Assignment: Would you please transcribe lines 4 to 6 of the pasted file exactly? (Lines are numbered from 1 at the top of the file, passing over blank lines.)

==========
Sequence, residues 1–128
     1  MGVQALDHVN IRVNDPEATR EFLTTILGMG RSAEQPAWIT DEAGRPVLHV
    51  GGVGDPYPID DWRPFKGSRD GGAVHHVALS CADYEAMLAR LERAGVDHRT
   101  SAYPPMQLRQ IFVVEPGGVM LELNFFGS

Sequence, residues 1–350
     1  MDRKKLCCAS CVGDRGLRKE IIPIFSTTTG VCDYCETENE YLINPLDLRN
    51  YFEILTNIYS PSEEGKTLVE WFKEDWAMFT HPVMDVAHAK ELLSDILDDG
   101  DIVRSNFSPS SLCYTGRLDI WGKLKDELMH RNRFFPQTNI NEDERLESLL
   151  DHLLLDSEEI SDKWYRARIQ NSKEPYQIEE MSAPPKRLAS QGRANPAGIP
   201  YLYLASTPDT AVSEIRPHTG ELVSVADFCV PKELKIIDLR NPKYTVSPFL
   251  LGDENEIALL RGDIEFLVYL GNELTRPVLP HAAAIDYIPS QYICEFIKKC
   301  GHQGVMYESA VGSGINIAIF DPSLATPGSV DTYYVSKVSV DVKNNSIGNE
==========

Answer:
   101  SAYPPMQLRQ IFVVEPGGVM LELNFFGS

Sequence, residues 1–350
     1  MDRKKLCCAS CVGDRGLRKE IIPIFSTTTG VCDYCETENE YLINPLDLRN